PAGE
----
The Magic Mountain is now on my reading list, and I don’t know, maybe I’ll do this cool live the story thing.

Would you?

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7 thoughts on “The Magic Mountain

  1. I loved reading this. It was so refreshing reading something so light, so relatable,something about the shared love of reading, something that makes you crack a smile and imagine the scene.

    Much needed!

    P.S I notice you’ve changed your banner :D Normally every time I see a picture of Egyptians these days I’m having to get them identified as martyrs/detainees by relatives in Egypt, so it’s a hard habit to break – won’t you identify them for us?

    (Read this blog post while smiling and needless to say, the comments coming in from everyone around me has made them curious to all see what could make me smile so much – thank you bgad!)

  2. I am glad you liked the post. I loved that night so much I might write about it again. Thanks for reading, and for the smiles :)

    About the photo, from left to right we’re Mahmoud, Mohamed, myself, Mohamed and Mohamed :)

    That was an October afternoon in Alex, three years ago. A very special trip to me :)

  3. I really liked the post. Depending on the person you speak to, talking about books could be refreshing or a burden. What’s interesting was your description of it as a therapy. Can you elaborate more ? Did you feel it’s a therapy because you were describing to Frank your feelings while reading certain books or because you were listening to his opinions (and opinions from people of different ages AND cultures can sometimes be quite interesting and thought-provoking in my opinion) or because the discussion was kind of fluid between both of you (similar thoughts and opinions) ? I don’t know if what I ask makes sense to you, if not then just ignore the question :)

  4. It’s a mix of all. It’s hard for me to describe the therapeutic part of it because it’s quite complicated. I haven’t been feeling very well lately, and that night made me feel better in an unusual way.. alhamdulilah.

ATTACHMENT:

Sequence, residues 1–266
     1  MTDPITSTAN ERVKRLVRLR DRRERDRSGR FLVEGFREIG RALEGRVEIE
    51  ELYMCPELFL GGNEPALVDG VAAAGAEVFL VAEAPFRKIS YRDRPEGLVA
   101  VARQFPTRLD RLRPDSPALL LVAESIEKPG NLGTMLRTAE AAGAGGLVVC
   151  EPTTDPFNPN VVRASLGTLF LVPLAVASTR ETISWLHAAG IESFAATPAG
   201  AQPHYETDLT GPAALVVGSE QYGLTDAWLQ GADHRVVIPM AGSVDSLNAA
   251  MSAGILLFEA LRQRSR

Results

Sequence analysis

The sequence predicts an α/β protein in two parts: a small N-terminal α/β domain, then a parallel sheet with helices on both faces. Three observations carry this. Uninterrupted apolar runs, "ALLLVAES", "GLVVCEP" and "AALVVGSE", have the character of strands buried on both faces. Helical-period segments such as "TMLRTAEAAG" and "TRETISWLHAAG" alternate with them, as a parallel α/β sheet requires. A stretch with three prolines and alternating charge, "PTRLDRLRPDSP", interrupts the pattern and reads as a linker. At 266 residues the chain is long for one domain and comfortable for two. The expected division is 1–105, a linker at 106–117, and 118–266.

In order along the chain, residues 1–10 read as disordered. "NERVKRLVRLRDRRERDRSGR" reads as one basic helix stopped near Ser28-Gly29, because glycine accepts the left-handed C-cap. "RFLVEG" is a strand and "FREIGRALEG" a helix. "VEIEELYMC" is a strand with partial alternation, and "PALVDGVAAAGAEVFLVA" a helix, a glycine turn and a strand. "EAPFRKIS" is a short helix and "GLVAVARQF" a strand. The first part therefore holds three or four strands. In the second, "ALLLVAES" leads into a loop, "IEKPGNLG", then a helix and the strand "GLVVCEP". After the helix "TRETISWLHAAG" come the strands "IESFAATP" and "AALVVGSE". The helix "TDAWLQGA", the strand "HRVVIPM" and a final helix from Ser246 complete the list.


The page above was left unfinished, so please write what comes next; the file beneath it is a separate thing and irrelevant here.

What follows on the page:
Are you not ever going to tell me who you are? :)

  5. I am not someone you know. I am just a regular follower of your blog for several years now. I found your blog by chance through another blog. I found your blog interesting specially when you talk about books and religion. But there was a period where your posts where too dark so I stopped reading for a while (I don’t criticize, it’s your private space after all) but I went back as the posts got less sad :) Lately I feel that you have improved in organizing your thoughts as you write.

    I have a tip for you if you are in search of peace. Have you ever heard about “Reviving the Islamic Spirit” conference ? In Canada, a group of people organizes every year in December, a conference with the greatest scholars from around the world. It last three days if I remember. I plan to go one day isA :). Until then, I watch it live streamed. First time was last year. It was amazing. I felt so much peace. Of course because of the time difference, it’s hard to watch everything but I was recording the night sessions to watch them in the morning. You can watch the trailers and some of the previous years’ talks that they make available to get a feel of how it looks like. Website is http://www.revivingtheislamicspirit.com The live stream is not free but not very expensive also and totally worth it. It’s better of course if you have a nice internet connection, mine was 1Mb I think when I watched it last year. Sorry for the extremely long comment.

  6. First of all long comments on my blog constitute part of my favorite reads. I am honored to have you as a reader.

    If it’s not too much to ask, would you tell me about those dark posts? Around what time did my blog irk your peace that way?

    About the conference, sounds amazing,!I shall have a look isA :)

    Drop a line every now and then, it makes me so glad :)